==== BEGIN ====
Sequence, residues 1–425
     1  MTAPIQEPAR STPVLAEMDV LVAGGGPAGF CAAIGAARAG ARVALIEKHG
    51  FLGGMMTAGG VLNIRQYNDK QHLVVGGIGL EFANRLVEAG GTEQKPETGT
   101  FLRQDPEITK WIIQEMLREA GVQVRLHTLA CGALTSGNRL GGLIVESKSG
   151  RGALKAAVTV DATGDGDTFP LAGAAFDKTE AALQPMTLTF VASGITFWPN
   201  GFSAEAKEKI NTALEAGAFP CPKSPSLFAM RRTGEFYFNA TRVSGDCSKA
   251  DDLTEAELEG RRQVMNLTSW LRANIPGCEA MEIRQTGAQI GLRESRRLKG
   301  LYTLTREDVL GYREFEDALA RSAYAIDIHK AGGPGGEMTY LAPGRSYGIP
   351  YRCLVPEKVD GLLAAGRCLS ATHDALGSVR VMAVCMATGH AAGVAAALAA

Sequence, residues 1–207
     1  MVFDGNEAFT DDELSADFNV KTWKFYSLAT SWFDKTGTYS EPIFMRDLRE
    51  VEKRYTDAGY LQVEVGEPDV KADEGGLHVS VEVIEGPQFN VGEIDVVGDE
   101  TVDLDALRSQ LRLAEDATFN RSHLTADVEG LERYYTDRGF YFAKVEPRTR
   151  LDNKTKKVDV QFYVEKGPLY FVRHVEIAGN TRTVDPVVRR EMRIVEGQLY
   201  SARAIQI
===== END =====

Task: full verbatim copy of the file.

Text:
Sequence, residues 1–425
     1  MTAPIQEPAR STPVLAEMDV LVAGGGPAGF CAAIGAARAG ARVALIEKHG
    51  FLGGMMTAGG VLNIRQYNDK QHLVVGGIGL EFANRLVEAG GTEQKPETGT
   101  FLRQDPEITK WIIQEMLREA GVQVRLHTLA CGALTSGNRL GGLIVESKSG
   151  RGALKAAVTV DATGDGDTFP LAGAAFDKTE AALQPMTLTF VASGITFWPN
   201  GFSAEAKEKI NTALEAGAFP CPKSPSLFAM RRTGEFYFNA TRVSGDCSKA
   251  DDLTEAELEG RRQVMNLTSW LRANIPGCEA MEIRQTGAQI GLRESRRLKG
   301  LYTLTREDVL GYREFEDALA RSAYAIDIHK AGGPGGEMTY LAPGRSYGIP
   351  YRCLVPEKVD GLLAAGRCLS ATHDALGSVR VMAVCMATGH AAGVAAALAA

Sequence, residues 1–207
     1  MVFDGNEAFT DDELSADFNV KTWKFYSLAT SWFDKTGTYS EPIFMRDLRE
    51  VEKRYTDAGY LQVEVGEPDV KADEGGLHVS VEVIEGPQFN VGEIDVVGDE
   101  TVDLDALRSQ LRLAEDATFN RSHLTADVEG LERYYTDRGF YFAKVEPRTR
   151  LDNKTKKVDV QFYVEKGPLY FVRHVEIAGN TRTVDPVVRR EMRIVEGQLY
   201  SARAIQI